Somebody asked the other day: “You’re old enough to have been to Vietnam. Why didn’t you go to Vietnam back then?” “I didn’t wanna die.” So now I photograph war — a coward hiding on the battlefield.

I needed to go to Iraq. I pushed for it. Nobody would send me — and no one was letting me embed. The invasion happened without me, and I thought I was gonna miss it. Sure enough, the war was officially over as per George W. Bush. Soon, it became clear to me, I had time. This war was far from over, and worse, we had far from won.

The technology failed to get us a quick and clear victory and now we had to get down and dirty. I was gonna do it, like they did it back then, during that other down and dirty war.

I wanted to cover Iraq the way my heroes covered Vietnam and Beirut. We’d gone to Fallujah to meet with insurgents, to photograph a weapons cache. Instead they took me to a couple of charred bodies. “Spies.” Blackwater contractors.

 

Some say war photographers are like soldiers. I don’t see that. Why do boys become soldiers? Because their fathers were soldiers. There is no gunslinger in the soldier motive. Well, Patton used to have a pearl handgun. The soldier is about being honorable. The personal motivation for being a soldier is to serve one’s country. Or to follow in your father’s footsteps. That was David Douglas Duncan — he was a soldier, not just because he was a US Marine, he was just built like that. He was no outsider. He was a part of a group, soldiers.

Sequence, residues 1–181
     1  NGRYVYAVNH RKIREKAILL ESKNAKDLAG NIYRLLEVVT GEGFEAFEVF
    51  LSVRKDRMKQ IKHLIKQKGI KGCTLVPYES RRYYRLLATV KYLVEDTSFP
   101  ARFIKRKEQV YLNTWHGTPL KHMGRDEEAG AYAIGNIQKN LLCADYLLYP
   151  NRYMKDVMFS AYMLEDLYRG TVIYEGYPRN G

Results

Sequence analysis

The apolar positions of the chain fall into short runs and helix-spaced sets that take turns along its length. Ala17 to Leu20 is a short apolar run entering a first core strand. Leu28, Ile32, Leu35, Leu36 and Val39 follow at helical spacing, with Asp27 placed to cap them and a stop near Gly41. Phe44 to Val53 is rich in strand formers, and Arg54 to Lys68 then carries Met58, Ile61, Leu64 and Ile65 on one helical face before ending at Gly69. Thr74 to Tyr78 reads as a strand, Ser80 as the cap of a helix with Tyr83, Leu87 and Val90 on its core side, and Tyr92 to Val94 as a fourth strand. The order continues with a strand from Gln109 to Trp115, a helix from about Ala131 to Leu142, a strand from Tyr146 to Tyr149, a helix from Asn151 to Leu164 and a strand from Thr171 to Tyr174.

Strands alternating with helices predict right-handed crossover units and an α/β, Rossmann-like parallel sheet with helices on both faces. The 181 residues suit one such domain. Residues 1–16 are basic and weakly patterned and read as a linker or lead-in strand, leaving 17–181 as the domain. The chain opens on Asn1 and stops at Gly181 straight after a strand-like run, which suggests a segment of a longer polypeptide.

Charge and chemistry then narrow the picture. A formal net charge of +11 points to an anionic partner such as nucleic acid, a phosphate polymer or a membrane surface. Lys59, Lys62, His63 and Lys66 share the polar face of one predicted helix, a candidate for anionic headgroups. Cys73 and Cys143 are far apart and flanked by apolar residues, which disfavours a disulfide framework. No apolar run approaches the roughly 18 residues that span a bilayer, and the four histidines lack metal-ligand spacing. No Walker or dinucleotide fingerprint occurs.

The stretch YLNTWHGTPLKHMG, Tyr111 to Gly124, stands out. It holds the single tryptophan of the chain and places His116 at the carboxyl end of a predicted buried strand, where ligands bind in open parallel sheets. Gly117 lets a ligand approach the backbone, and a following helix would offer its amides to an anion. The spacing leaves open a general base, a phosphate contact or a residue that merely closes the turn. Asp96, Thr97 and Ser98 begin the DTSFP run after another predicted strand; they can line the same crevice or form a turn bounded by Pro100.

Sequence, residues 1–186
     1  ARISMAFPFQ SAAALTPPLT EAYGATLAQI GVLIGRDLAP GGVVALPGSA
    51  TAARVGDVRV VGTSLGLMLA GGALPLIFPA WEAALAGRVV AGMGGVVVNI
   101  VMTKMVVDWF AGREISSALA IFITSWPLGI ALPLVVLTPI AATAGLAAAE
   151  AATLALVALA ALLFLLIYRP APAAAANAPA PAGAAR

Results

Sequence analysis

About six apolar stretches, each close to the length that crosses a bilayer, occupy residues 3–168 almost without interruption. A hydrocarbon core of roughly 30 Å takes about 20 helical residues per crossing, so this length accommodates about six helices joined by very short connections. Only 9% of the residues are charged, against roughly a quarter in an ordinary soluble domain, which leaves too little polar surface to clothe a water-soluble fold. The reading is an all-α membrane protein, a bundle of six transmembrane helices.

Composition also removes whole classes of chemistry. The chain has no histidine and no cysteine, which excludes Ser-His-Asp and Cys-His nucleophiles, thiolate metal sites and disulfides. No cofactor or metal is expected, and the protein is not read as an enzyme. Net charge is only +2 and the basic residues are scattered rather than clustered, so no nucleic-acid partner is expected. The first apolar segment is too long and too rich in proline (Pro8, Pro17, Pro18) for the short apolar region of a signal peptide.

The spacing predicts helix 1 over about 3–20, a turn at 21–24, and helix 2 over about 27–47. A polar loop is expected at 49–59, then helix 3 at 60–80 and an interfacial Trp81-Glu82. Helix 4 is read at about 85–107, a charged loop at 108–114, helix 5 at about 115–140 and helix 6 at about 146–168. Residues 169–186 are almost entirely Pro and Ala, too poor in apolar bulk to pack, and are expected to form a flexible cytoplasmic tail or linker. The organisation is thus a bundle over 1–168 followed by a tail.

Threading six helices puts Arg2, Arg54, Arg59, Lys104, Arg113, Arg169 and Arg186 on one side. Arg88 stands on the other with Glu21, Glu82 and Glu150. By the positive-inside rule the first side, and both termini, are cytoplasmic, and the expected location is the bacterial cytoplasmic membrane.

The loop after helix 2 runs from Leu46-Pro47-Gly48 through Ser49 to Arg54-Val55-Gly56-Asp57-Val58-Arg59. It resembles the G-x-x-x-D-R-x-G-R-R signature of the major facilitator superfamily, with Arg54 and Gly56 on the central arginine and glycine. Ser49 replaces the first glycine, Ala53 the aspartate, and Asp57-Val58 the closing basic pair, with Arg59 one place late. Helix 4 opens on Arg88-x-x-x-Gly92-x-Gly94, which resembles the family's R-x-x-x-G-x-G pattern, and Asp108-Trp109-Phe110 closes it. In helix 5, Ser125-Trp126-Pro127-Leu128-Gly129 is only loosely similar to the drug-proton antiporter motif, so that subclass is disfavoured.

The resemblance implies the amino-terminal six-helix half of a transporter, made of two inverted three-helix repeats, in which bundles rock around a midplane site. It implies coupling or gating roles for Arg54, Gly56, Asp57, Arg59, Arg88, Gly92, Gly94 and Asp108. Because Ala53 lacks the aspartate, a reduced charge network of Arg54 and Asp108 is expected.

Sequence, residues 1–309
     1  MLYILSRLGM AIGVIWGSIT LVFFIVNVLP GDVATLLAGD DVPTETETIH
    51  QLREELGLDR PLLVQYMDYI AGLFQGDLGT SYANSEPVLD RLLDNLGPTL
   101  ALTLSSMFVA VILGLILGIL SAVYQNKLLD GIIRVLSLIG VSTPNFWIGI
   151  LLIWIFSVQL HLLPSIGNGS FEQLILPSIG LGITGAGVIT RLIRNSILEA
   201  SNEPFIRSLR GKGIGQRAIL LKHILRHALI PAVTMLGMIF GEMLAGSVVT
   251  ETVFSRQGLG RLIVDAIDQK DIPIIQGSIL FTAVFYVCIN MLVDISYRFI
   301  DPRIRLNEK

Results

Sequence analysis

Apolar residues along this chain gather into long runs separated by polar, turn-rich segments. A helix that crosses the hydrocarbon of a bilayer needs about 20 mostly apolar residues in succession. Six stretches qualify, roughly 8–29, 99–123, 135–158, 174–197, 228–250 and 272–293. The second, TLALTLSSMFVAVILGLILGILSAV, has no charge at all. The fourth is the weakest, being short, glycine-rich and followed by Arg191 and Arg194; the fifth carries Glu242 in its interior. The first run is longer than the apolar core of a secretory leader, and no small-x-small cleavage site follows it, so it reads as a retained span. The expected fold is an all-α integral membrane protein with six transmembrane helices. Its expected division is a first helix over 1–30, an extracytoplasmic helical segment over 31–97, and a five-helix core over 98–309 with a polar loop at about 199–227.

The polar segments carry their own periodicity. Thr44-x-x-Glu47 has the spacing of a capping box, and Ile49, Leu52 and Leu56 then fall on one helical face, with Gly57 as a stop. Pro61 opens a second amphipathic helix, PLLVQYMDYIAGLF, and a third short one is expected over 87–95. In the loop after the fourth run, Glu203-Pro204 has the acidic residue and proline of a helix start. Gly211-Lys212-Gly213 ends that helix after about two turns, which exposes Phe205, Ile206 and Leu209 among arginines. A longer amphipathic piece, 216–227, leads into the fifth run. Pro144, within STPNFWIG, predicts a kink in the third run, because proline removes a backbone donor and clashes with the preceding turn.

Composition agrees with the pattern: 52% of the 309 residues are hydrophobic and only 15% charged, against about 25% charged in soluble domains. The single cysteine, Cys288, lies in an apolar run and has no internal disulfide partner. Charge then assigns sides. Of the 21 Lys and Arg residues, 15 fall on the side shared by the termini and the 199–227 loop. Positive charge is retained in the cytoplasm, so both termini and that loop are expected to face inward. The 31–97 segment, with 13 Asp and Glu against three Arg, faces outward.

//they’re on the chessboard. beinG a soldier is all about discipline and taKinG orders to complete the mission//

 

Lee Marvin in The Big Red One is a real soldier — he has orders and he gives orders: if you don’t go up that hill I’m going to put a bullet in your head.

 

If you work for the wire services, you take orders, you execute and make your deadline. Every day. That is a soldier mentality — very precise, very concise. But the guys I know are no soldiers. Jan is no soldier, with his tattoos. Chin with his Chinese philosophy, no way. Some don’t even want to be embedded. Yuri is driving around in Iraq by himself. Photographers see themselves as soldiers of fortune perhaps, lost samurais. Chris is definitely a samurai. There is a bit of role playing going on. Gunslingers, on the outside, outcasts, loners. Quick on the draw. load, aim and shoot.

// we love pathos // Pathos is the human condition.

 

I give you the fact that both the soldier and the war photographer are somehow escaping the average life. For both it’s about adventure and risk. But to be a soldier you have to be young, to be a photographer you don’t have to be young. Though I’m bombarded by young photographers who ask me how to become a conflict photographer. I tell them: “Get a life.” If they persist, I tell them about the consequences. I tell them there is no glory. They glamorize the idea of becoming a conflict photographer. But they have no idea what it means.

From “Black Passport”

IRAQ 2004, ONE YEAR AFTER
IRAQ 2004, ONE YEAR AFTER BAGHDAD DESTROYED MONUMENT OF SADDAM (BAAS PARTY -IRAQ SECRET SERVICES QUARTER)
IRAQ 2004, ONE YEAR AFTER
IRAK, ONE YEAR AFTER
IRAQ 2004, ONE YEAR AFTER Women of insurgents Veiled women of Fallujah waiting for news of their wounded husbands.
IRAQ 2004, ONE YEAR AFTER SHARIA COURT OF MOQTADA SADR, NAJAF
IRAQ 2004, ONE YEAR AFTER
IRAQ 2004, ONE YEAR AFTER FALLUJAH, BODIES OF KILLED AMERICANS
IRAQ, ONE YEAR AFTERBAGHDAD, MARCH 31 2004The demonstration of Moqtada Sadr in Baghdad in front of coalition headquarters.The Al Mahadi army from the Al Karlh district (suicide squads) burning the American flag, shouting
Iraq, June 2005
IRAQ 2004, ONE YEAR AFTER FORMER BUREAU OF BAAS PARTY, BAGHDAD
IRAQ 2004, ONE YEAR AFTER  ROAD SIDE EXPLOSION, NORTHERN IRAQ
IRAQ 2004, ONE YEAR AFTER SUNNI GUNMEN PROTECTING SUNNI MOSQUE AGAINST COALITION FORCES, BAGHDAD
Iraq, June 2005
Iraq, June 2005